Friday, June 30, 2017
MORGAN! : A SUITABLE CASE FOR TREATMENT (1966)
Directed By: Karel Reisz
Written By: David Mercer
Cinematography By: Larry Pizer
Editor: Tom Priestley & Victor Procter
Cast: David Warner, Vanessa Redgrave, Robert Stephens, Irene Handl, Peter Collingwood
After his wife leaves him for his former best friend, a failed London artist begins his descent into madness into trying to win her back.
In David Mercer's original TV play (televised some four years earlier by the BBC), Morgan is a much older man, his fragile mental state mainly the result of a lifetime of heavy drinking, and a writer rather than an artist. He is also a rather more violent character than the Morgan played by David Warner in this film. Some have said that these changes to the character were what made the film a big box-office hit. It was also said by some that the original Morgan (played on TV by Ian Hendry) bore a striking resemblance to David Mercer himself.
This is an oddity that feels more like a visual theater piece more than a film. As it is full of ideas and settles on locations quite a bit. Though an orthodox romance of sorts that goes through the aspects and levels of a failing romance and marriage.
The film is more centered around the performance of the main character. That the title alludes to. As he seems to constantly be in control of the narrative. Other characters get their chance to make their marks but it seems like most of their roles are reacting to the main character. Played by David Warner, who one has never seen so loose or having so much fun too bad it's not as infectious as this type of role can be usually in comedies.
This film is a love story of sorts. As Vanessa Redgrave who is stunningly sexy and vibrant plays the main characters Morgan's suffering wife. Who goes a little mad herself, but can see why she loves him. Though knows her is bad for her.
The movie like the main character has a rather misogynistic look at love. Whether or not that is intentional as Morgan see's himself as more primal and more at home in the animal World. Especially seeing himself more akin with the monkey kingdom.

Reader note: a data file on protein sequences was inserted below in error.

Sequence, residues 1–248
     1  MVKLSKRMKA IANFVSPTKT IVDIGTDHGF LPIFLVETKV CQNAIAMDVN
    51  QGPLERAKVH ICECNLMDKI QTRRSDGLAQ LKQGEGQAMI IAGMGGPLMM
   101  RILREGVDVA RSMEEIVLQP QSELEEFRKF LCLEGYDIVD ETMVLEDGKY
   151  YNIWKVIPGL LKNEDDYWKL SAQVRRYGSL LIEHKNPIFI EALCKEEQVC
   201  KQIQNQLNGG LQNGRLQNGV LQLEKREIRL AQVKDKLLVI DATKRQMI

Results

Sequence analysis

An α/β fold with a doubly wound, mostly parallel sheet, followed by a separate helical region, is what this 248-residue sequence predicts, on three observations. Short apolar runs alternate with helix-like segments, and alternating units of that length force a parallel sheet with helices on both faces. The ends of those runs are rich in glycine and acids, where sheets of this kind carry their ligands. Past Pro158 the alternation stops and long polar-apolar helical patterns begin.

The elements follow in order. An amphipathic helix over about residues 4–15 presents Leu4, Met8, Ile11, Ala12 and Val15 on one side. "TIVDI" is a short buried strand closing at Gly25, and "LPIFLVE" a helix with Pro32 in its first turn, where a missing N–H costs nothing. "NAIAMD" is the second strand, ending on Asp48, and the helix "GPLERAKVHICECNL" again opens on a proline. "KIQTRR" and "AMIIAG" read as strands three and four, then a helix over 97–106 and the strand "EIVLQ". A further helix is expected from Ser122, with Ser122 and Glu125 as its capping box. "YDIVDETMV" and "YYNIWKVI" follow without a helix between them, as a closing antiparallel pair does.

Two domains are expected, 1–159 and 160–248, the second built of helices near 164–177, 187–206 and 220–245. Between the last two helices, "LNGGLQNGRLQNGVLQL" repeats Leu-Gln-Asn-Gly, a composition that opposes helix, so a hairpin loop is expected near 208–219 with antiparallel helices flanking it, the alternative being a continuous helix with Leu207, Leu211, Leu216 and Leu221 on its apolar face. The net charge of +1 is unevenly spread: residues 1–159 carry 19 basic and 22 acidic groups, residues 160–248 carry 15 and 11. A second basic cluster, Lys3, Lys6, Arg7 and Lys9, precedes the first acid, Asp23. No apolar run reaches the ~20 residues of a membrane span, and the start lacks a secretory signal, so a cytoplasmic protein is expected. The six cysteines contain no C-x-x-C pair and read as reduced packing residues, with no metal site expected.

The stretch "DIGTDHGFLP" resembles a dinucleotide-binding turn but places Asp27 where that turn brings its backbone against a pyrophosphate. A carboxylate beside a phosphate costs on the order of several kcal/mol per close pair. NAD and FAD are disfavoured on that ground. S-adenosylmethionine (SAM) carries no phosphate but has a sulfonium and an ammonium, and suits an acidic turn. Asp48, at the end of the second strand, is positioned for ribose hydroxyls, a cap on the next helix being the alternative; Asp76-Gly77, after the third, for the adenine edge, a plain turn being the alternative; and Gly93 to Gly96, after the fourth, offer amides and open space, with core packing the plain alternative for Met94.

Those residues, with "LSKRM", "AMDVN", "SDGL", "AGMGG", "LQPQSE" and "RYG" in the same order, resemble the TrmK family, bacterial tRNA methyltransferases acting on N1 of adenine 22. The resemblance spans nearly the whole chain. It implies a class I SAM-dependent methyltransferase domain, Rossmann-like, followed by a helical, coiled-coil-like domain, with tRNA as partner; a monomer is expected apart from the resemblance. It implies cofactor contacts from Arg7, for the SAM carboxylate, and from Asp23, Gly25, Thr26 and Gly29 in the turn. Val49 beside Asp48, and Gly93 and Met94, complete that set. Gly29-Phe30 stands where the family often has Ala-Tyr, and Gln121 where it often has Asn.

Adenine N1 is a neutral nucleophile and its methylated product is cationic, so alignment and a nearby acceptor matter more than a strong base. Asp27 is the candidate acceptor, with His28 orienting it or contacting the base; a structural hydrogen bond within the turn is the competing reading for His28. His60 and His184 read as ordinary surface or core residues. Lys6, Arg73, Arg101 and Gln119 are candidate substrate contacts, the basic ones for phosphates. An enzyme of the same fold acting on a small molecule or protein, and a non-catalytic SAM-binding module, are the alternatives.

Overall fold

The film feels a bit new wave though more a comes with splashes of seriousness and surreal elements. It becomes more funny and hilarious whenever the action is sped up.
It's not exactly a character study of someone who is quite the character. We stay with the character but never quite get what happened to make him seem so mad and what really makes him tick. More just his reactions to certain Situations and people. The film still comes off as dull. Though it tries to pull us into his world and psychosis. Where as it only succeeds in that aspect in the last part of the film.
One wishes there were more to the film. It’s an enjoyable premise. The execution is inventive at times, but doesn't win over the audience completely over. Though we are able to tell there is something special about it.
The film feels long as you wonder where it is going exactly. Though at times directs you where it wants to go. As it is part of the british new wave. It tries to seem scattered but slowly makes it’s points along the way. Even if it tries to do so, so that we experience it through the main characters fractured psyche.
It tries to tie in mental imbalance into communism and questionable beliefs in politics. Showing it not to be only a recent problem. Half the time in this movie the so called sane people seem as crazy as the main character. They just seem to have better control over it.
The film is inventive definitely more of an oddity. It is worth watching as a study in style and presentation. Though it feels more theatrical with some cinematic flourishes.